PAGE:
Abstract Title:

Altered metabolic profiles and biomarkers associated with astragaloside IV-mediated protection against cisplatin-induced acute kidney injury in rats: An HPLC-TOF/MS-based untargeted metabolomics study.

Abstract Source:

Biochem Pharmacol. 2020 Oct 24 ;183:114299. Epub 2020 Oct 24. PMID: 33148504

Abstract Author(s):

Yanqing Song, Tingting Hu, Huan Gao, Jinghui Zhai, Jiawei Gong, Yueming Zhang, Lina Tao, Jingmeng Sun, Zhiyuan Li, Xiaoyu Qu

Article Affiliation:

Yanqing Song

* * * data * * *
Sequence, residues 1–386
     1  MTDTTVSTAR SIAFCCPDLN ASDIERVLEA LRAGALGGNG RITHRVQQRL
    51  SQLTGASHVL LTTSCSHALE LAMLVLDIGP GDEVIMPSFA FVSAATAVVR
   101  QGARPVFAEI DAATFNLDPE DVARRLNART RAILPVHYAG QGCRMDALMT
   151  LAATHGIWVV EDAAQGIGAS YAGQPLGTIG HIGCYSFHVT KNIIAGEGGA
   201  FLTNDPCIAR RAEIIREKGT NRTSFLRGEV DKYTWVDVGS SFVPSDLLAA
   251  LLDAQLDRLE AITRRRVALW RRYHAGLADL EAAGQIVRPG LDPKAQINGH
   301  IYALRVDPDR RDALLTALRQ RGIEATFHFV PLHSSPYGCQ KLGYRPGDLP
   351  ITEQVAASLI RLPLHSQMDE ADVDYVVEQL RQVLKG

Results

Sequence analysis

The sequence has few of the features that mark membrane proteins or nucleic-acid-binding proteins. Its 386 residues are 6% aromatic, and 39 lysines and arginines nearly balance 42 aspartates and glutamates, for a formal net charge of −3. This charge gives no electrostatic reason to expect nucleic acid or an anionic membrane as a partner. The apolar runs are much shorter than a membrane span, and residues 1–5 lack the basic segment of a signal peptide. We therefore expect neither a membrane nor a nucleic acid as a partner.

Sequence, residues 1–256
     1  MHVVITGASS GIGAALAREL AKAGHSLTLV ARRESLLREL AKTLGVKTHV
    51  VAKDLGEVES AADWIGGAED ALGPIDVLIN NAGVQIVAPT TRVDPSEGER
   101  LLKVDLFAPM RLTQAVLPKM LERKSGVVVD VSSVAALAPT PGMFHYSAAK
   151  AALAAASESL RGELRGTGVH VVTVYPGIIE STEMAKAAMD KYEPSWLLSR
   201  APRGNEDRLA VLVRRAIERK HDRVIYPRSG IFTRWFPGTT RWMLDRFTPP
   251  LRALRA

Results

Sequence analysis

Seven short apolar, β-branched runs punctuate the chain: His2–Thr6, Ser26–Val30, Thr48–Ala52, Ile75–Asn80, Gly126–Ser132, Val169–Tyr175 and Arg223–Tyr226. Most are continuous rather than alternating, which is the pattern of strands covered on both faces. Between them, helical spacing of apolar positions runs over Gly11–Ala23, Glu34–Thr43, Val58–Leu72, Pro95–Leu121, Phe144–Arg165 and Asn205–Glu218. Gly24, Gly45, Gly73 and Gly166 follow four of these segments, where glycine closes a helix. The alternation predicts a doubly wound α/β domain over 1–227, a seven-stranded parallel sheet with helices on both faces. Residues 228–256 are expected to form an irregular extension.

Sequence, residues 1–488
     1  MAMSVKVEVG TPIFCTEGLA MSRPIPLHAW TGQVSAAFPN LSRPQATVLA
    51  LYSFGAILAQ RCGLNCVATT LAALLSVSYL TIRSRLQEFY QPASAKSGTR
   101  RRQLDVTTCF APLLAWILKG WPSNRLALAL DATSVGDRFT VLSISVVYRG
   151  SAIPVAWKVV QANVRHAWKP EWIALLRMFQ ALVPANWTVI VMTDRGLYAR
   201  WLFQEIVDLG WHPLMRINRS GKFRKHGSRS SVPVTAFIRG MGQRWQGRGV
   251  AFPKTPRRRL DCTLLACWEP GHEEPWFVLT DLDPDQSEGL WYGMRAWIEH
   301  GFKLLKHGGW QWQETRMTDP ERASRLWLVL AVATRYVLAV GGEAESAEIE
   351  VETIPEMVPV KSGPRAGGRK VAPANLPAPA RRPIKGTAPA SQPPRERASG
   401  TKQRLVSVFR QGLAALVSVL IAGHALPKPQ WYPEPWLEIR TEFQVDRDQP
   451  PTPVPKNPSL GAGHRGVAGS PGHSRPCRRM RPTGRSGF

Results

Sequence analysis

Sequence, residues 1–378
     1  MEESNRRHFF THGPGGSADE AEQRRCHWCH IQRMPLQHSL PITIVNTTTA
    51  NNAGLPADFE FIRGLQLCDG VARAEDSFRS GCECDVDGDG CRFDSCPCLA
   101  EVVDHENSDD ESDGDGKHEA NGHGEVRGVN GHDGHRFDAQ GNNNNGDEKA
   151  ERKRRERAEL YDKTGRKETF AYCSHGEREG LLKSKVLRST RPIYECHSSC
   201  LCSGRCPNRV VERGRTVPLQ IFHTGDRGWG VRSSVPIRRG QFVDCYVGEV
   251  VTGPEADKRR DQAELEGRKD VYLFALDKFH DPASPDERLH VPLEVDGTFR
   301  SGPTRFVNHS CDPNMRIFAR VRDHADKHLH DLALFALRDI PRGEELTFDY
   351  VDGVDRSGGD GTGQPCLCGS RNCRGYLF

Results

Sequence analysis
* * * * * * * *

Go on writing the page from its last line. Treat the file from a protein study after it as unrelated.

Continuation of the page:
Cisplatin (CDDP)-induced acute kidney injury (AKI) limits the therapeutic use of CDDP, which urgently needs to be addressed. Our previous study demonstrated that astragaloside IV (AS IV), an active compound of the traditional Chinese herb Astragalus membranaceus, alleviated CDDP-induced AKI. To explore the mechanism, we performed a metabolomics study to explore the altered metabolic pathways and screen for sensitive biomarkers. Twenty-four rats were randomly divided into three groups, which were treated with vehicle solutions (Control), intraperitoneally injected CDDP, and intraperitoneally injected CDDP plus oral AS IV, respectively. Metabolic profiles of serum, urine, and kidney samples were analyzed by high-performance liquid chromatography-time of flight mass spectrometry. There were 38 key metabolites in the urine samples, 20 in the serum samples, and 16 in the kidney samples that were significantly altered due to AS IV-mediated protection against CDDP-induced AKI relative to CDDP-only treatment. CDDP + AS IV co-treatment significantly altered two pathways in the blood (biosynthesis of unsaturated fatty acids and alanine, aspartate, and glutamate metabolism), five pathways in the urine (phenylalanine metabolism; phenylalanine, tyrosine, and tryptophan biosynthesis; arginine biosynthesis; arginine and proline metabolism; and histidine metabolism), and five pathways in the kidneys (glutathione metabolism; alanine, aspartate, and glutamate metabolism; glyoxylate and dicarboxylate metabolism; arginine and proline metabolism; and D-glutamine and D-glutamate metabolism). The metabolic pathwayswere mainly associated with improvements in inflammatory responses, oxidative stress, and energy metabolism. Adrenic acid in serum and L-histidine and L-methionine in urine were identified as sensitive biomarkers. This study provides new insights to understand the mechanism of AS IV-mediated protection against CDDP-induced AKI and has identified three candidate biomarkers to evaluate preventative treatment and assess therapeutic effectiveness.

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